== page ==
The purpose of the research is to determine whether poverty influences school dropouts among teenagers living in poverty. The methodology applied is both the use of primary and secondary sources including questionnaires, books, and scholarly articles. The key findings are that teenagers from poor families find it hard to concentrate in class, perform better or even finish high school because of the challenges they face at home. Consequently, they will prefer to drop out and work to help their families.
The strength of my findings and studies is that there are many numerous surveys conducted on the subject matter over the years with almost similar results showing consistency. The weakness of the study id that I had to take what the respondents provided, as I have no way of proving the information provided. Implications for future research are that there are students who still opt to drop out of school in order to work and a study should be conducted on how to stop this exodus.
Through this assignment, I have been able to learn research methods, the requirements of a research and the procedures. I have also learned that research methods slightly vary according to the topic as I have noticed through other articles that I have perused through the research.
Craighead, I. B. (2010). The Corsini Encyclopedia of Psychology, Volume 4. John Wiley & Sons.
Douglas-Gabriel, D. (2015). An alarming number of teenagers are quitting school to work.
Eglitis, W. J. (2013). Discover Sociology. SAGE Publications.
Farah, Q. H. (2011). Revitalization of Somalia: Dib u soo Nooleynta Somaaliya. AuthorHouse.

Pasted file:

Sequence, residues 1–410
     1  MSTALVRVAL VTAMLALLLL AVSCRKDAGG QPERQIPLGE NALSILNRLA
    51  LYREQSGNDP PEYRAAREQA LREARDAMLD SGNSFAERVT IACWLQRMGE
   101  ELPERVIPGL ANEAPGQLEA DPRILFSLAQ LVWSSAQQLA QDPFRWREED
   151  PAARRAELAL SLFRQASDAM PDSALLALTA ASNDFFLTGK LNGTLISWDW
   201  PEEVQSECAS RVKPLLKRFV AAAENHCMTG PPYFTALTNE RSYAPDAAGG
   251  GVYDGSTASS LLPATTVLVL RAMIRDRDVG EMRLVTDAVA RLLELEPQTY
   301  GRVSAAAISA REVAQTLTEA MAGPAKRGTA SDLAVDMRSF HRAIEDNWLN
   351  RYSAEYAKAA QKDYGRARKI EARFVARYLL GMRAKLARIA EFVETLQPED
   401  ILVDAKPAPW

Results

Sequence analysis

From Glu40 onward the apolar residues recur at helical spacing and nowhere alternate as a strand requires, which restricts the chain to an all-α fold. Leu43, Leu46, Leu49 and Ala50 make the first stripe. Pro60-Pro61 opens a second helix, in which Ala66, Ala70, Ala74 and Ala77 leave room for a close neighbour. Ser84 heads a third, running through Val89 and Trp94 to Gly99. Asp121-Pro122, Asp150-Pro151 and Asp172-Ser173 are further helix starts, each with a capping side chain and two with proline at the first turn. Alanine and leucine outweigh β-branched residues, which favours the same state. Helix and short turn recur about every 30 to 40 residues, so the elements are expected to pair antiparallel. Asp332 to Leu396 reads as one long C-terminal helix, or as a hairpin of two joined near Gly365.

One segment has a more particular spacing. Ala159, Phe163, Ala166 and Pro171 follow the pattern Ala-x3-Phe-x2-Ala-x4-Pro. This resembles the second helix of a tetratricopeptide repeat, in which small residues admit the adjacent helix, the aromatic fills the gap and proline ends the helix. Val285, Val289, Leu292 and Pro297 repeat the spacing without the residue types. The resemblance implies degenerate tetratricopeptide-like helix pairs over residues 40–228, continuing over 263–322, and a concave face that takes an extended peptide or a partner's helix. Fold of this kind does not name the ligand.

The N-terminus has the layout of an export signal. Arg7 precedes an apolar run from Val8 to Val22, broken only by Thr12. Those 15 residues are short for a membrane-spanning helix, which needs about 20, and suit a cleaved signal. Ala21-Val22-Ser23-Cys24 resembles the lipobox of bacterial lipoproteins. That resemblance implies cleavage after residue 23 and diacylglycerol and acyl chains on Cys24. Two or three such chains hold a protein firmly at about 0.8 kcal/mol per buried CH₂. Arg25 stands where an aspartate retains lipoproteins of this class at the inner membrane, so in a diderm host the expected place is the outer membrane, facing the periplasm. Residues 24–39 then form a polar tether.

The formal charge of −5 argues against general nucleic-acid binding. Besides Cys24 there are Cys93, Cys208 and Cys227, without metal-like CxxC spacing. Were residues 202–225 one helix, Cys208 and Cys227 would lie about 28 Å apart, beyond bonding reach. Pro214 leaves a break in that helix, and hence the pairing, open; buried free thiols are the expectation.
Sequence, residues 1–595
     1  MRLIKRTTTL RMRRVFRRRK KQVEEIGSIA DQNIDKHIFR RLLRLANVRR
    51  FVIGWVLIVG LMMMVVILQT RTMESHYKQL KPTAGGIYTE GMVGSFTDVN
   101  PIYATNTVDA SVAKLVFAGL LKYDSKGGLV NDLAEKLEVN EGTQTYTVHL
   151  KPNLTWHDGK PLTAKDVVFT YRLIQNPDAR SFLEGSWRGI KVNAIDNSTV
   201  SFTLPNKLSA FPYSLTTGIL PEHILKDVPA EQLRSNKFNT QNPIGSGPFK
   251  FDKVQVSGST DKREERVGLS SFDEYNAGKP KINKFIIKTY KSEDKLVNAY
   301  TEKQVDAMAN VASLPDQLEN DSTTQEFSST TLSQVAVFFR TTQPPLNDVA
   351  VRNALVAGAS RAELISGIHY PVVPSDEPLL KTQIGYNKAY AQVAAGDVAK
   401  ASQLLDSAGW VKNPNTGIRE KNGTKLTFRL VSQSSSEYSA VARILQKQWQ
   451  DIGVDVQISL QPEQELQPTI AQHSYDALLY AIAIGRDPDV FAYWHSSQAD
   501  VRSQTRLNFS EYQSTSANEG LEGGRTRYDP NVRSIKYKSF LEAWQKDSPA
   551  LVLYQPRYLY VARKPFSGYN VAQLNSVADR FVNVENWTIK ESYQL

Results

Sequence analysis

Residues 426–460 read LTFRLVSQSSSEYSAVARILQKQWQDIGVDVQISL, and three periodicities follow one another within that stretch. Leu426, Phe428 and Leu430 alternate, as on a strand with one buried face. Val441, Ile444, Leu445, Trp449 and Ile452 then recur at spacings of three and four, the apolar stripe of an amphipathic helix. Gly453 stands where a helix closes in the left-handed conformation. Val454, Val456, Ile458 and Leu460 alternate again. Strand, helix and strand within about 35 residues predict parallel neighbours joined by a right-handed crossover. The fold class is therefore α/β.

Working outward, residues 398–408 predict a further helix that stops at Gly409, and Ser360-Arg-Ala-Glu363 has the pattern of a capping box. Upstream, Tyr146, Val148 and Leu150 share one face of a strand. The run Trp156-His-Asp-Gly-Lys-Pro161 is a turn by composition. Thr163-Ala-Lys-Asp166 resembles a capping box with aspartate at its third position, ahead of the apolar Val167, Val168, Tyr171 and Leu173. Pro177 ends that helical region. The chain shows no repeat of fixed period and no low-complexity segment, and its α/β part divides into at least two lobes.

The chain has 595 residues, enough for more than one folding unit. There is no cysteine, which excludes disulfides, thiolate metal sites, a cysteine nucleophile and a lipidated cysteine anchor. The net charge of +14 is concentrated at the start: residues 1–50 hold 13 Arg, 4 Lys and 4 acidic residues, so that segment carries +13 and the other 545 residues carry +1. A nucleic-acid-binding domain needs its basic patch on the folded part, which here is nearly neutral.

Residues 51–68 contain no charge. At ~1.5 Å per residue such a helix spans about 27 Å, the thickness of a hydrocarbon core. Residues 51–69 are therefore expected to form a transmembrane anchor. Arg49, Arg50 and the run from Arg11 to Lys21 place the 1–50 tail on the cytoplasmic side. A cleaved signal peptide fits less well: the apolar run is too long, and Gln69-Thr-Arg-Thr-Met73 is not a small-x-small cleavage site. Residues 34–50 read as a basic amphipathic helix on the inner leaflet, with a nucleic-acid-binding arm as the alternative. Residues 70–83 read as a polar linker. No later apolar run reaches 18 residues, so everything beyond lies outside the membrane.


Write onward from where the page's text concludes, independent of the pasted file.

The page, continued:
Gifford, C. (2009). Poverty. Evans Brothers.
McNabb, D. E. (2015). Research Methods in Public Administration and Nonprofit Management. New York: Routledge.
Molly M. Scott, S. Z. (2015). Dropping Out and Clocking In: A Portrait of Teens Who Leave School Early and Work. Urban Institute, 1-13.
Singh, K. (2007). Quantitative Social Research Methods. Los Angeles: SAGE.
Smink, B. F. (2014). Strategies to Help Solve Our School Dropout Problem. New York: Routledge.
Please Tick [ ✓ ] where appropriate
Part A Close-Ended Questions
What is your age group 15-17 [ ] 18-19 [ ]
What is your gender Male [ ] Female [ ]
What is your Ethnic Group White [ ] Black [ ] Hispanic [ ] other [ ]
Did you join High school Yes [ ] No [ ]
Did you complete high school Yes [ ] No [ ]
If no, is poverty the reason Yes [ ] No [ ]
Which year did you drop out First [ ] Second [ ] Third [ ] Fourth [ ]
Has the status changes since dropping out of high school Yes [ ] No [ ]
Part B Open-Ended Questions
How did poverty affect your education? Please explain.
How did your plan to change your poverty status after dropping out of school? Please explain
Have you change the poverty status since dropping out and what would you do differently if given a second chance? Please explain